Link to this page

Quiz: Which Resume Writing Format Should You Choose?

Award-winning writer Kathy Widenhouse has helped hundreds of nonprofits and writers produce successful content and has gained 600K+ views for her writing tutorials. She is the author of 9 books. See more of Kathy’s content here.

There is no one perfect resume writing format to use. You will likely have several resumes throughout your career, unless you stay in the same position with the same employer as long as you work.

Quiz: which resume writing format is right for you? With Word Wise at Nonprofit Copywriter

As you set about to write or update your resume, one of the first decisions you will make is which resume writing format to choose.

A chronological resume organizes your experience by your work history, listed in reverse chronological order, and includes a job description and accomplishments in each position. Education and additional skills are listed afterwards. Employers like this format because it gives them a clear snapshot of your employment background.

While a purely functional resume organizes your experience according to your skill set (“functions”), it is rarely used. A combination resume has largely taken its place. This format mixes chronological and functional elements, with a list of your skills followed by your employment history and education. The combination resume is becoming increasingly favored by career changers, those with gaps in their employment history, and those who have held a number of different jobs during their careers.

(Learn more about the 3 main resume writing formats.)

When to Take This Quiz

This quick quiz will help make an informed decision about the best resume writing format for you to use at this stage in your career – chronological or combination.

When you assume different responsibilities, circumstances change, or you prepare to move into another job, take this quiz again. You may want to modify your current resume or build a new one to accommodate your newly-acquired experiences or to target a different position. (Use this resume worksheet to keep track of your experience.)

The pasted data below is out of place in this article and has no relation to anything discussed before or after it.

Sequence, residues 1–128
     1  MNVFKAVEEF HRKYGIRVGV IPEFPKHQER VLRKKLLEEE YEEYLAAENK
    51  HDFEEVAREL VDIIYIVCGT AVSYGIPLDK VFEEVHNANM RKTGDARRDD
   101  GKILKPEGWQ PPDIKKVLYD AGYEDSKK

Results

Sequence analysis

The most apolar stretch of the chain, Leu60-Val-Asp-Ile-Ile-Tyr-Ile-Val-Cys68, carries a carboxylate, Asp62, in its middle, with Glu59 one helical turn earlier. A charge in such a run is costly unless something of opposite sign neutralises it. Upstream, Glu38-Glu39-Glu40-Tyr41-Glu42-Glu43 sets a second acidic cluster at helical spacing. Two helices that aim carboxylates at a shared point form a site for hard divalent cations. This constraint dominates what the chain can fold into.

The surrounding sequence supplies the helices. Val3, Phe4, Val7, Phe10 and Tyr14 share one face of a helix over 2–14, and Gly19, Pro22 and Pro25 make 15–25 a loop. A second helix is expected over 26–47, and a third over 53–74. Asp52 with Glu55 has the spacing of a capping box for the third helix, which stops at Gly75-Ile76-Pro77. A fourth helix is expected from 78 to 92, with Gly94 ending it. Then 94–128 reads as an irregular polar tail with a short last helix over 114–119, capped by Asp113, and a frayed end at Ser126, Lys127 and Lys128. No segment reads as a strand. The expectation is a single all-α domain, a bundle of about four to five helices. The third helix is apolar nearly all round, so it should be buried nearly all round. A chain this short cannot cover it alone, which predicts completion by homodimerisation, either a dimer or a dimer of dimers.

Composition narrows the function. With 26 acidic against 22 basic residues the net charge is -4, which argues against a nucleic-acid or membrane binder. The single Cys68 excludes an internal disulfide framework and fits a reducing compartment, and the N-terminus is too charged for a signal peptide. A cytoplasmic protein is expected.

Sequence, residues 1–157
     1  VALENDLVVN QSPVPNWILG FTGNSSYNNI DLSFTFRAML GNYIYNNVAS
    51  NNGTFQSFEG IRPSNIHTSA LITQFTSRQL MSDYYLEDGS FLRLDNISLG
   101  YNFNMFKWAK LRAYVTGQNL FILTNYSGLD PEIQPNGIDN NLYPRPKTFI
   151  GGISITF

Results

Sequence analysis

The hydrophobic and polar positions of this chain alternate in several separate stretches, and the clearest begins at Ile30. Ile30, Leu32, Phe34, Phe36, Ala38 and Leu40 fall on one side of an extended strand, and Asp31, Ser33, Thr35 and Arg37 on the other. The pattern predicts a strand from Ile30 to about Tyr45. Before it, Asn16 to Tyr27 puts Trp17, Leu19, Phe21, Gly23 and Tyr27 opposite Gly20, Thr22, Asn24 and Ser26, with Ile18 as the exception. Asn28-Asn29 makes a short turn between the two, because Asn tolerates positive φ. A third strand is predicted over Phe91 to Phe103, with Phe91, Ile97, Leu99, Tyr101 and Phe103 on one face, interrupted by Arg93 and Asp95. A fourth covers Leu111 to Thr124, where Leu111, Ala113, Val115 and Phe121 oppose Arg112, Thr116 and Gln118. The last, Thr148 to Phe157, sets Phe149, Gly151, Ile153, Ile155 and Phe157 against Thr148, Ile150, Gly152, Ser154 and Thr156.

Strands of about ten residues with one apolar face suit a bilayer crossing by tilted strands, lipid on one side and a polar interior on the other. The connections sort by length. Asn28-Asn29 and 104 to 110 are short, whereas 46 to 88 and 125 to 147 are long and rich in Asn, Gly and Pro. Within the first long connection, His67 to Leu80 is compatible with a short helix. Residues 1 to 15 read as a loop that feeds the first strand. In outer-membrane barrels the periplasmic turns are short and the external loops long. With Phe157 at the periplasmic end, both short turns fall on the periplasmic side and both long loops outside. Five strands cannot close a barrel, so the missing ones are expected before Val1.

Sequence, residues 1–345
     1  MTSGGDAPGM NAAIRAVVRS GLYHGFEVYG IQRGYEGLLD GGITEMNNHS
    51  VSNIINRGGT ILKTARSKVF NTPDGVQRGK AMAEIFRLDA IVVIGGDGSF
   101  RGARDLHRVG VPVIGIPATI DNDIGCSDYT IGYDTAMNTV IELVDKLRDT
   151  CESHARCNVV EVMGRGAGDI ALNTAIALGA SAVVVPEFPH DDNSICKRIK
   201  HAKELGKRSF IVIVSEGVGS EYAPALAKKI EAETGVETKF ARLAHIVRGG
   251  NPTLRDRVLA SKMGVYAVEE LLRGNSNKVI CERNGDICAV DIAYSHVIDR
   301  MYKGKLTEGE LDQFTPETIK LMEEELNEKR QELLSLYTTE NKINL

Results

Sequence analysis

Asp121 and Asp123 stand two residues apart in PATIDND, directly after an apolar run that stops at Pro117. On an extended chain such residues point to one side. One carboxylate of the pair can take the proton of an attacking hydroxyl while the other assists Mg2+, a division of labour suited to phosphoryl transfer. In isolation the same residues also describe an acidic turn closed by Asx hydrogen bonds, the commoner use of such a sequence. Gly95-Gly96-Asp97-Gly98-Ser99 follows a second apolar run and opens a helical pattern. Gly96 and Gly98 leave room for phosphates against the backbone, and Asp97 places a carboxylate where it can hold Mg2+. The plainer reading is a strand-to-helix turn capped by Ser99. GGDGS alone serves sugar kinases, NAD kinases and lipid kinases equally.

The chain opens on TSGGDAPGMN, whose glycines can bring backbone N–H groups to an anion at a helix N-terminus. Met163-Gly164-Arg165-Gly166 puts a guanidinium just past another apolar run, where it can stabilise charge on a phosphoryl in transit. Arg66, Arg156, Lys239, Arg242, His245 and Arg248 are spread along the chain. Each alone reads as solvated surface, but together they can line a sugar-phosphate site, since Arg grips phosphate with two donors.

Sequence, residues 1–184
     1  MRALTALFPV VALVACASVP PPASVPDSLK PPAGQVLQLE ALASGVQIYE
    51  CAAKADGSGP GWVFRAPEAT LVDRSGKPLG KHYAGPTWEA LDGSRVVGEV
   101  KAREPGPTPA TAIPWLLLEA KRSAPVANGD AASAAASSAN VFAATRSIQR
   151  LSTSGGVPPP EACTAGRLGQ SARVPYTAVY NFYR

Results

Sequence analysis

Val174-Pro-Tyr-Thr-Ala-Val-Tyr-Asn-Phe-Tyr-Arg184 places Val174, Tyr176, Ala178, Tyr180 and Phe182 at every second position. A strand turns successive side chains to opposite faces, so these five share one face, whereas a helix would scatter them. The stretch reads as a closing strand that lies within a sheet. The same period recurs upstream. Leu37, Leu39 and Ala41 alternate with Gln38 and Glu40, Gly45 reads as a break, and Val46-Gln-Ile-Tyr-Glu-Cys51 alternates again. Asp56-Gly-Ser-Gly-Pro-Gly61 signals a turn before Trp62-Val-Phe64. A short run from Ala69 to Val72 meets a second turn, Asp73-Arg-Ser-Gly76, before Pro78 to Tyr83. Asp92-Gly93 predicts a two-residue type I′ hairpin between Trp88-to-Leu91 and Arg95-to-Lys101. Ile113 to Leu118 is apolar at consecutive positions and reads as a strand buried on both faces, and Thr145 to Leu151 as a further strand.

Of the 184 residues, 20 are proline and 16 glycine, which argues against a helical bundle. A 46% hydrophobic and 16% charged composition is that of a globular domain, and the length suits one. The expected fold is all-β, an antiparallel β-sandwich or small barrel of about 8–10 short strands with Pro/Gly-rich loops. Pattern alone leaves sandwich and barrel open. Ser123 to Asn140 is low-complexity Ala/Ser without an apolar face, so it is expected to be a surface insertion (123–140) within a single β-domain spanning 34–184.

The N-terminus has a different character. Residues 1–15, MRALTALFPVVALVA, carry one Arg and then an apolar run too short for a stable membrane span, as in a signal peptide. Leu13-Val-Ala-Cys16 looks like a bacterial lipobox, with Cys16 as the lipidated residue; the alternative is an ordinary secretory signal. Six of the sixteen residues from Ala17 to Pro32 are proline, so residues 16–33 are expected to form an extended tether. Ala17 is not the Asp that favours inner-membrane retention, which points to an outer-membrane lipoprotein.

How to Take This Quiz

On a piece of paper, number a list from 1-16.

Read each of the above numbered statements. Record a yes or no answer for each one. In situations where you feel both answers apply, select the one which is most appropriate.

The Quiz

  1. You’re a recent graduate with experience in your chosen field.
  2. You’re a recent graduate with experience unrelated to your chosen field.
  3. Your work history relates directly to your targeted position.
  4. You’re changing careers (using a new skill set).
  5. Your work history shows present or recent employment relating to your targeted position.
  6. You’re changing fields (using same skill set in a different industry).
  7. Your work history shows increasing levels of responsibility or strong progression in your targeted career path.
  8. You have considerable volunteer experience in your targeted field.
  9. You’re seeking a position in a conservative field (medicine, law, accounting.)
  10. You’re re-entering the work force in a different field after a break.
  11. You’re seeking a management or executive position.
  12. You are overqualified and are looking for less responsibility.
  13. Your work history includes employers with strong name recognition, such as a Fortune 500 company, a well-known organization, or a government agency.
  14. You have a long or strong work history but are looking for less responsibility.
  15. You’re re-entering the work force in the same field after a break.
  16. You have a varied, changing, unstable, or shifting job history (frequent job changes, gaps in your employment, previous career chance, relocations due to spouse’s job).

Scoring the Quiz

  • On a second piece of paper, create two columns: one labeled “Chronological Resume” and one labeled “Functional/Combination Resume.”
  • For each odd number answered yes, give yourself one point in the Chronological Resume column. For each even number answered yes, give yourself one point in the Functional/Combination Resume column.
  • Add the numbers in each column. The column with the highest score indicates the best type of resume for you to build at this juncture in your career.

More Tips for Writing Resumes

Get Your Reusable Resume Worksheet Builder ...

Basics on writing resumes: Frequently Asked Questions (FAQs) ...

Create your resume with a reusable resume worksheet builder ...

Parts of a resume: a primer ...

3 main resume writing formats ...

Resume Writing Guide for Verbs: How-tos for words of action ...

Resume writing tips: easy-to-follow do's and don'ts ...

Tips for writing resume objective ...

Writing a good cover letter: a step-by-step writing guide ...

Cover Letter Writing Tip: get the reader to take one step ...

Get more resume writing tips on our Pinterest board...

Return from Quiz: Which Resume Writing Format Should You Choose? to Nonprofit Copywriter home

As an Amazon Associate I earn from qualifying purchases.

Powered by SBI! Learn more here.
Enjoy this page? Please pay it forward. Here's how...

Would you prefer to share this page with others by linking to it?

  1. Click on the HTML link code below.
  2. Copy and paste it, adding a note of your own, into your blog, a Web page, forums, a blog comment, your Facebook account, or anywhere that someone would find this page valuable.

Search This Site

Share This Page


Named to 2022 Writer's Digest list

Get Free Writing Tips

Stop Wasting Time!

Grab your exclusive FREE guide, "5 Simple Writing Tips You Can Put to Use in 10 Minutes or Less"

XML RSSSubscribe To This Site
  • follow us in feedly
  • Add to My Yahoo!